Mr. Dobson: I can make two clear points. First, the allocation that we have recently announced better reflects clinical need and deprivation than did the formulae used by the previous Government. Secondly, and contrary to much scaremongering by Opposition Members, the new formulae involve an element of rurality, so that areas with sparser populations do not suffer. I realise that that does not apply to the city of Leicester, but I expect that Leicester will benefit from the changes that I have mentioned.

Solihull Hospital

3. Mr. John M. Taylor: If he will pay an official visit to Solihull hospital to discuss local health provision. [13810]

The Parliamentary Under-Secretary of State for Health (Mr. Paul Boateng): I have no plans to visit Solihull hospital, but I will conduct an official visit to Birmingham Heartlands and Solihull NHS Trust in the near future. I am looking forward to it enormously.

Mr. Taylor: The Minister will be welcome when he comes to Solihull. Contrary to what the Secretary of State had to say, the previous Government gave my constituency a magnificent new state-of-the-art hospital. The Minister of State has recently vouchsafed to me in a written answer the range of services provided by that hospital. I hope that, when the Minister visits Solihull, he will be able to say that that range of services will be sustained for the benefit of my constituents and, perhaps, that other services will be added.

Mr. Boateng: The NHS in Solihull is certainly safe in our hands: I am not so sure that it was safe in the hands of the previous Government.

National Health Service (Funding)

4. Caroline Flint: What action he is taking to cut waste in the national health service. [13811]

The Minister of State, Department of Health (Mr. Alan Milburn): On 22 May, we announced a programme of measures to reduce management costs by £100 million this year. Our efficiency task force has identified savings of £40 million. As part of our plans to replace the internal market, we are looking at the scope for further savings from bureaucracy.

Caroline Flint: I thank my hon. Friend for that response. In Doncaster alone last year, 60,000 people did not turn up for their appointments, thus leaving empty

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seats in waiting rooms in hospitals. I am sure that that situation is reflected across the country. We all have a responsibility to ensure that we appreciate the resources of the NHS, because the money wasted by people not turning up could fund important projects, such as the breast cancer clinic and Jasmine centre in Doncaster.

Mr. Milburn: My hon. Friend is quite right to say that with the right that patients have to access to NHS services comes the responsibility to use those services wisely. The Government will be seeking to learn the lessons from best practice, particularly in areas like "did not attends". The efficiency task force will be looking specifically at this area, and we intend to bear down on bureaucracy and waste and to invest more in front-line patient services.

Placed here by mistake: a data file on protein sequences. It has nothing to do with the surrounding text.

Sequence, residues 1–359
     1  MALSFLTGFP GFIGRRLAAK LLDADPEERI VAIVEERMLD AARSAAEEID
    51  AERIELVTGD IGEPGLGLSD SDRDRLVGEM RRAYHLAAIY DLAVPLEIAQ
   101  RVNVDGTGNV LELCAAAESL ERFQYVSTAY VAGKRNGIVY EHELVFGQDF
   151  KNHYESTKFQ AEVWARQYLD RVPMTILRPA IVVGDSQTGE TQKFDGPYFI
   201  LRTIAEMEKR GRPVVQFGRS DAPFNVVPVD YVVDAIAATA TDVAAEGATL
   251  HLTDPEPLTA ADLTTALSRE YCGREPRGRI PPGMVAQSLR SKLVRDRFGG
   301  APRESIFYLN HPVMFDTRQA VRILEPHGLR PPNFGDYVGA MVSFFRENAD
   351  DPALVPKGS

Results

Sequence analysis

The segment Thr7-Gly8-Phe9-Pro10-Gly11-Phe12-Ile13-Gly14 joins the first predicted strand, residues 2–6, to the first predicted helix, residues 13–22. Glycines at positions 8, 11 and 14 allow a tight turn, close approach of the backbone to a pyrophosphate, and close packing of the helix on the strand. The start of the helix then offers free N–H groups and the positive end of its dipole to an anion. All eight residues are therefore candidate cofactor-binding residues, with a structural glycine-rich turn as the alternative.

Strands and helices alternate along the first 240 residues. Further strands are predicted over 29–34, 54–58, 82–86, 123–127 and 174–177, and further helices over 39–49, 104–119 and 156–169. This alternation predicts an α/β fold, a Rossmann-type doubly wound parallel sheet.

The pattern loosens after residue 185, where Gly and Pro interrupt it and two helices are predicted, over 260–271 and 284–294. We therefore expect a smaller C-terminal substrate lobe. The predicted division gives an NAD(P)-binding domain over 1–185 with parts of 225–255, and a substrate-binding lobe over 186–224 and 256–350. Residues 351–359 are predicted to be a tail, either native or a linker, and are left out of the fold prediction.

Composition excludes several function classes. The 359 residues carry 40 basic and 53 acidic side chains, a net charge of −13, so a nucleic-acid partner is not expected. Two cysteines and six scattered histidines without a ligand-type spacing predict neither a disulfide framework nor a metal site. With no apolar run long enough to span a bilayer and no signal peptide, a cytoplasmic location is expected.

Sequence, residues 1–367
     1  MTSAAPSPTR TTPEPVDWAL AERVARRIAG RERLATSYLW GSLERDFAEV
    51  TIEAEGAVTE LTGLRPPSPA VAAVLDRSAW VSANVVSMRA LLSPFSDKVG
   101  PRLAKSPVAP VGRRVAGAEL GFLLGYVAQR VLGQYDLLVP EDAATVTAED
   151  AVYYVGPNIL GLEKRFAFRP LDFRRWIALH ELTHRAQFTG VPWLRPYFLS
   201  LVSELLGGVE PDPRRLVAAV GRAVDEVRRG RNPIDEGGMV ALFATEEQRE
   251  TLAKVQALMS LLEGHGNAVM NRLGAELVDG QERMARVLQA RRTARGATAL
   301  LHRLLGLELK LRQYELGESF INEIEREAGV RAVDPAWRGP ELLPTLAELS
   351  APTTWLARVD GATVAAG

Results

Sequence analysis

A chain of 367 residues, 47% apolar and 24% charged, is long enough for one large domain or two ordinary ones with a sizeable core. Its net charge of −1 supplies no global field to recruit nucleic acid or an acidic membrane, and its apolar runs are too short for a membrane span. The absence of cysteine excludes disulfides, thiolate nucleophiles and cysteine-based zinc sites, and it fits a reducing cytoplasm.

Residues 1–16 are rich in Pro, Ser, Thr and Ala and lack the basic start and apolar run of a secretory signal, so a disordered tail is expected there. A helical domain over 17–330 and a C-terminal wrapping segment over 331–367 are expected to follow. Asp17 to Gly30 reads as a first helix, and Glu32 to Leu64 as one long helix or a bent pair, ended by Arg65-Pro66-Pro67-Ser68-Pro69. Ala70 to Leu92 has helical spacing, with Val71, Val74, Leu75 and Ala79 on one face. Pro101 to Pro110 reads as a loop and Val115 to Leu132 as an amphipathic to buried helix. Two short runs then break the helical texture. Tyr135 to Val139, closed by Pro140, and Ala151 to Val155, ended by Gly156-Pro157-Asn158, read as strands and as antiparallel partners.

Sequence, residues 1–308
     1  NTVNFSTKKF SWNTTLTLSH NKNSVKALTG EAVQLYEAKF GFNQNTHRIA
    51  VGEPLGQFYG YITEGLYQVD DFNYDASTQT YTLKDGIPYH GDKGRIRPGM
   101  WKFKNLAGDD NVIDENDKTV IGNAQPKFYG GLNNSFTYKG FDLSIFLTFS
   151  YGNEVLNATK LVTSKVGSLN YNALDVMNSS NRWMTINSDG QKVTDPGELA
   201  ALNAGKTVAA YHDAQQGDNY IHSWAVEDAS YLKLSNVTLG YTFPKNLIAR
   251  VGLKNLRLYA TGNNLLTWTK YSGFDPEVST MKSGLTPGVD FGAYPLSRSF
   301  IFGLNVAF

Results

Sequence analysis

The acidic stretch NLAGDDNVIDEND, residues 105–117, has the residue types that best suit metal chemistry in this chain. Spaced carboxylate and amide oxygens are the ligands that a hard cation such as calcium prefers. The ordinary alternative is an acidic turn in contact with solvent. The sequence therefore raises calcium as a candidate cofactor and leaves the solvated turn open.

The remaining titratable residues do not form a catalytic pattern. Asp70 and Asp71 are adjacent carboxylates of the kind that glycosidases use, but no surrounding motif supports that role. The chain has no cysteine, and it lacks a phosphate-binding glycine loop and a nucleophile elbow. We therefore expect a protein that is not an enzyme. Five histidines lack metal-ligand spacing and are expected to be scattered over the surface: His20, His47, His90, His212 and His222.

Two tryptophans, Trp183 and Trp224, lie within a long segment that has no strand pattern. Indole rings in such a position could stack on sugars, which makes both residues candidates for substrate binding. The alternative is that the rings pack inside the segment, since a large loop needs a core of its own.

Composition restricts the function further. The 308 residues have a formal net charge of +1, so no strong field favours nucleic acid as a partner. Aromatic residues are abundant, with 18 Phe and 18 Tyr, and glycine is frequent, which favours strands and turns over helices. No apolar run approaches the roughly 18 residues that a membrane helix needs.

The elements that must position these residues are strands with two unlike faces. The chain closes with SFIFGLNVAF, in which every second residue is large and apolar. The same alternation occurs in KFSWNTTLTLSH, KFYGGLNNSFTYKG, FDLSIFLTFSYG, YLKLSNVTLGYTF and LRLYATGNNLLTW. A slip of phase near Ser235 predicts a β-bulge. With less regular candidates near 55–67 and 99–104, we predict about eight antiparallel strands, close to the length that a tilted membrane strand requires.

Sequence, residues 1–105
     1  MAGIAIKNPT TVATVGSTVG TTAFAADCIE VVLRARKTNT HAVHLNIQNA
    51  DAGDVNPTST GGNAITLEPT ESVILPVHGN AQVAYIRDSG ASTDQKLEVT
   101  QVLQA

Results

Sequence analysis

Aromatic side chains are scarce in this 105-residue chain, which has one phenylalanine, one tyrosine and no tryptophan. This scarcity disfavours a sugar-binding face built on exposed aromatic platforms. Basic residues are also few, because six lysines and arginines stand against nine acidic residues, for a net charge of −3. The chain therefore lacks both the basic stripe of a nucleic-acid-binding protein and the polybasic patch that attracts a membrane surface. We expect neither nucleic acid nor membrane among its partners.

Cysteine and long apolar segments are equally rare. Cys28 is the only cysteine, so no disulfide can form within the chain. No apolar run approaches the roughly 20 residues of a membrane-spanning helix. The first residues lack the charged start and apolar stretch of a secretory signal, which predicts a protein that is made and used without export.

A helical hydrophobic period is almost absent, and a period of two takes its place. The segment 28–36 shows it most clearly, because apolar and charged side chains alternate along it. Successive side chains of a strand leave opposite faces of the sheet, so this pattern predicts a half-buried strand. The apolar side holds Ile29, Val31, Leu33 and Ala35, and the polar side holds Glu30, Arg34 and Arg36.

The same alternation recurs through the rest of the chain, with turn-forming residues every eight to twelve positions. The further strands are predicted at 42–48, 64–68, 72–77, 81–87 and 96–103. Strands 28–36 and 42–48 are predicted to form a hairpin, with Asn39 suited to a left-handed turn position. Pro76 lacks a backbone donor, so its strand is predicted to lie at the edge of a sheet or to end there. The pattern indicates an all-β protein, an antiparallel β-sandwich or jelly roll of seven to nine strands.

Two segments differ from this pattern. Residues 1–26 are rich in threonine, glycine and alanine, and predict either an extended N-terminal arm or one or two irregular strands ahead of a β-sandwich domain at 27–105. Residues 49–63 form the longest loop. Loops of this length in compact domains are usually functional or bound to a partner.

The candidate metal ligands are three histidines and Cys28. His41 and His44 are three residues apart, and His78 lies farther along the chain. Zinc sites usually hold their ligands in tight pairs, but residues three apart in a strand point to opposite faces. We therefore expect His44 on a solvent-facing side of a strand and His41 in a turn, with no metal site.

Mr. Soames: Will the Minister look with care at the programme of savings instituted in the Ministry of Defence by the former Chief Secretary, which was extremely successful in looking at the non-core business and work of the MoD and seeing whether that work could be contracted out or done better by other people? The considerable savings from "Front Line First" were ploughed back into the front line. Will he look at such a programme and not dismiss it out of hand, as there is real scope for substantial savings?

Mr. Milburn: As the hon. Gentleman knows, what counts for this Government is what works. The efficiency task force will look to ensure that, in future, we will pool together where possible the functions currently provided by NHS trusts. If it is possible to bear down on administration functions and to cut waste, we will do so. I am sure that all hon. Members will back the Government's manifesto commitment to ensure that resources go to front-line patient services.

Mrs. Anne Campbell: Does my hon. Friend share my concern at recent press reports of waste within the national blood transfusion service, and particularly the waste of blood products donated freely for use by NHS patients?

Mr. Milburn: As my hon. Friend is aware, a review is taking place of the successes--and some of the failures--of the blood transfusion service. That review will report shortly.

Mr. Simon Hughes: In the Government's campaign against waste in the health service--which we fully support--will they make sure that NHS trusts and civil servants get the message that projects which are wasteful of taxpayers' money and time and which duplicate perfectly good existing resources will not be approved? When Ministers come to their conclusions about the London review, will they make sure that approval is not given to the spending of between £100 million and £200 million of taxpayers' charitable money on building a new hospital across the river on the St. Thomas's site when £200 million has been spent on building a new hospital on the Guy's site, and when it is proposed that 18 floors of the Guy's hospital buildings will be left empty?

Mr. Milburn: I would not want to prejudge the outcome of the Turnberg review of London's health

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services, but I assure the hon. Gentleman that all projects--particularly capital projects--will be judged to ensure that they provide maximum value for money for patients and the taxpayer.